Loner Girl was one of those little mice sleeping in a pup tent beneath the shadow of the expensive behemoth trailers. She had saved up her money to come for the week by herself. She had slept on the couch in her brother's house since she escaped from her abusive boyfriend. Her jobs at two fast food restaurants gave her "savings money" to get her own place and to support her beloved little Mustang horse. She came to Missouri for a week of camping and riding to help put her past behind and to re-start her life. She sat by herself at meals and haunted the back of the group on the trail rides. Her small, dark presence glowed with its loneliness.
Back to the horse. They got the poor animal back to the barn, but there wasn't any plasma or medicine on hand to help him -- no vet on staff. The local vet's practice was mostly cows. They took precedence. The horse would have to wait his turn. He was starting to go down. I stormed into the office to motivate someone into action. Nothing. I was angry about the careless situation and that I was useless.
Who saved the day? Loner Girl. She cajoled the horse to his feet. She ran cold water on his leg to stop the bleeding and take down the swelling. She got him to drink water. She stayed with him until the vet came later that evening. She stayed with him all night. No one else did a thing. They shrugged and wandered away.
You never know who the hero will be. It could be the dumpy, dark, scary girl with whom no one will sit at dinner. Because of her, the horse survived. From then on, I sat with her. She and I drove out and explored Wal-Mart one afternoon. She told me all about her life and why she was there at the horse camp . . . alone. We were nothing alike except for the unrestrained willingness to do something, anything, to help a being in need. Loner Girl and that horse were two wounded creatures. They had needed each other.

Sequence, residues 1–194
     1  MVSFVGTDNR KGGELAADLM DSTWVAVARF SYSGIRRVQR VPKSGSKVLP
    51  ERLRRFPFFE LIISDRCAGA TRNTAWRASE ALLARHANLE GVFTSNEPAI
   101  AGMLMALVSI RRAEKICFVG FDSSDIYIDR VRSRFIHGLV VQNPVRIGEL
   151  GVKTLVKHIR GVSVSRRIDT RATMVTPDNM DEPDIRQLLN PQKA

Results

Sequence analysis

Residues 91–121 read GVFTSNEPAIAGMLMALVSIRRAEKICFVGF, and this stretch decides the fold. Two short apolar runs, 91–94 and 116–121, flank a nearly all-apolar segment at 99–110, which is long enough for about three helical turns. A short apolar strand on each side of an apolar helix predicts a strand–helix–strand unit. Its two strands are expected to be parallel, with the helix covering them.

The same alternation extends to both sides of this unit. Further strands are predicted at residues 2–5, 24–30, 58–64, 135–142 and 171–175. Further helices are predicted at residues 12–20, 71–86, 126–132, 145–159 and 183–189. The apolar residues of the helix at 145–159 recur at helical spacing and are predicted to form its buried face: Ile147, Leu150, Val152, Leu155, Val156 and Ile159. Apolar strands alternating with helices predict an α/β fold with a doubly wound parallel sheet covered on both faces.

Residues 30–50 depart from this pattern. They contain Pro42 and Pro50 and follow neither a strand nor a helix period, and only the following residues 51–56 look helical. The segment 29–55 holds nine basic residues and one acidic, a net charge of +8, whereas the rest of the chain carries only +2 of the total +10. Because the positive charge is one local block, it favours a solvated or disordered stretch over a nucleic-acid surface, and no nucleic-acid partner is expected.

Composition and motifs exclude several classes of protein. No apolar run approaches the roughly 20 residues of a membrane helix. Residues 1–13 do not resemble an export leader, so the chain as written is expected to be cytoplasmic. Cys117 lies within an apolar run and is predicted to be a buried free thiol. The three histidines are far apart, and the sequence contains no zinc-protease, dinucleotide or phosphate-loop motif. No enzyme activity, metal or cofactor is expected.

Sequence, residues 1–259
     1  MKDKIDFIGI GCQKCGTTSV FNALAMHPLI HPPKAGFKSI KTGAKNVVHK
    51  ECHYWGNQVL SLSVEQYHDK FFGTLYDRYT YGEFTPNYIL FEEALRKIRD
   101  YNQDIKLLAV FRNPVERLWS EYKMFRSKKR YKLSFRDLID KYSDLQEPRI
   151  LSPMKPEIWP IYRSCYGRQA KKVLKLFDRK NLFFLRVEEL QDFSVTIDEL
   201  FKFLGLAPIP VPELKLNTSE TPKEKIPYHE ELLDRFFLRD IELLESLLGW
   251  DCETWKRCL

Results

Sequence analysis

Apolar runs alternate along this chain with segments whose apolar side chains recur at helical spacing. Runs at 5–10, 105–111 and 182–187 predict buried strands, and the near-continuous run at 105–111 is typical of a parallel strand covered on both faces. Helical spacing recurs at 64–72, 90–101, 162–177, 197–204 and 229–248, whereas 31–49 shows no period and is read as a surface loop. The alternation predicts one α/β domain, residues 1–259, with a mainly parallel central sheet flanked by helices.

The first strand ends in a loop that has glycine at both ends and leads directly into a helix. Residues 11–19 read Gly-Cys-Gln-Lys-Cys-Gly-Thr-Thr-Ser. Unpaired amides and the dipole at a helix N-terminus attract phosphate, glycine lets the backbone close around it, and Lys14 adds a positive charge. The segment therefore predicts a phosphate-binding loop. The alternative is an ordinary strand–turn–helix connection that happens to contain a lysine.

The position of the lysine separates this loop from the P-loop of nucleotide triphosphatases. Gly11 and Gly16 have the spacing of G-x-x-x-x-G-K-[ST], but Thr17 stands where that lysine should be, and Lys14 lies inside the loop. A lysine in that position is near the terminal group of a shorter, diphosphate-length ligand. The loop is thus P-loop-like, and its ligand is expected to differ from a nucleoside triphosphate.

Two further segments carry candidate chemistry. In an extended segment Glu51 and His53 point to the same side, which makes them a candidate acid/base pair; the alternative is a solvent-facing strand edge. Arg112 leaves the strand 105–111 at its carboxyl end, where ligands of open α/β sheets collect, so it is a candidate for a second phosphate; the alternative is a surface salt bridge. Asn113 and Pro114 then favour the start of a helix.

Pony -- At Last
Pony Boy. Ah, Pony. He was the grail for which I coerced Bill to drive all the way to Missouri. Pony was scheduled to give a fireside lecture in the evening. I dragged Bill down the hill to the campground an hour early, regaling him with warm-up stories of the wonders I had seen Pony perform at other events. We joined the other acolytes perched on hay bales swapping Pony stories. I heard the jangling of "The Posse" as they swaggered up, switching their Bowie knives off their thighs to keep from amputating themselves at the knees as they sat.